Uncle Jack beat me to it on blogging about Rick Nichols's very nice piece on craft beer on page 1 of today's Inquirer. That's right: Craft Beer On The Front Page of Philly's major daily. Very nice, and as Jack sez, nice piece, too.
So all I could do was blog about the pathetic closer: Oregon's winemakers are "fighting back" against beer's success. I'd already chased this story down earlier in the week and then run out of time to blog about it before leaving for Kentucky (I was writing that pumpkin beer story I mentioned on Facebook), and I'm glad Nichols and Jack both brought it up. It's too good to waste.
Here's the piece. First off, sorry, but...it's not that well-written. It jumps all over the place, and never really develops a groove. And then we get stuff like this:
At the bar, men outnumber women 5-to-1. And men, on average, say they prefer beer to wine, according to a Gallup poll last year. Other statistics show 70-percent of wine buyers are women. So, while the atmosphere at the brewery is pretty relaxed, there’s actually a spirited battle for customers going on here.The atmosphere at what brewery is pretty relaxed? And what spirited battle for customers is going on? I'm going to believe Ted Farthing, the wine guy, that beer and wine are "fighting"? The beer drinkers and brewers they quote in the article don't seem to be aware of the "fight" at all. The one brewer they talked to was, to be fair, pretty relaxed (though that was 6 'graphs after the 'atmo at the brewery' line): "It’s cool for guys to sit around and drink a bottle of wine," said the co-owner at Cascade Lakes Brewing. Pretty big of him, almost magnanimous.
Ted Farthing: “We’re all fighting for share of stomach.” Ted Farthing is the executive director of the Oregon Wine Board. He says wine and beer and liquor are all competing against each other, for our limited beverage budgets.
From where I'm sitting, there's no fight. In fact, it looks like Oregon winemakers are shooting themselves in the foot with the dumb gun. Check this out:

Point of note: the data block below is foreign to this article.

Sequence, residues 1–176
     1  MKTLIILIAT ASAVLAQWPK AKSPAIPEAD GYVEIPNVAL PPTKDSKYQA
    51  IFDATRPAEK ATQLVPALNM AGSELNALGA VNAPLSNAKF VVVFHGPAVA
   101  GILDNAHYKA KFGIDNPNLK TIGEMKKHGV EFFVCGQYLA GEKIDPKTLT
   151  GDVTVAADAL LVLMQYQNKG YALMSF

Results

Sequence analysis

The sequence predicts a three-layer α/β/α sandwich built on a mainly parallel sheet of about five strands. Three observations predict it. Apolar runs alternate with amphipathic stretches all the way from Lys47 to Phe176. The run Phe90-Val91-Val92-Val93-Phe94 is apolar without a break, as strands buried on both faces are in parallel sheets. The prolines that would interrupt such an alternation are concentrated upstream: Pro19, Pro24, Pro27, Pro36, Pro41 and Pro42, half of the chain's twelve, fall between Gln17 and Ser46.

For instance, Ted Farthing with the Oregon Wine Board [really, they say the whole thing again, just in case you forgot who he was] says Oregon’s wines are on average more expensive and more refined than other states. Ted Farthing [of the Oregon Wine Board Farthings]: “Given the shifting landscape, the Oregon Wine Board has actually narrowed our target to make sure we are still speaking to the people who are purchasing wines over $15 or $20 at least once a month, and this is only about 3 percent of the U.S. population.”Is Ted Farthing with the Oregon Wine Board aware that the only sector of the booze market that's down MORE than wines over $20 a bottle is champagne? And they want to narrow their target to make sure they're only speaking to the people who are still buying those wines?
But don't worry. They've got a plan.
That’s not to say that Farthing [is that Ted Farthing with the Oregon Wine Board?] isn’t looking at new markets. In addition to men, he says winemakers in the state need to target millennial [sic]. One way to do that is to embrace the digital age – the Oregon Wine Board has already launched several Facebook groups to convince 21-to-30 year-olds that wine can be cool.Cool? Hey, kids -- boy kids -- wine is cool! A brewer said so...
Guess we know why craft beer is on the front page. I was just telling someone yesterday that there is more coverage of craft beer than wine in the Philly media lately. Between dopey winemakers and the absolutely brain-damaged PLCB, it's not a wonder.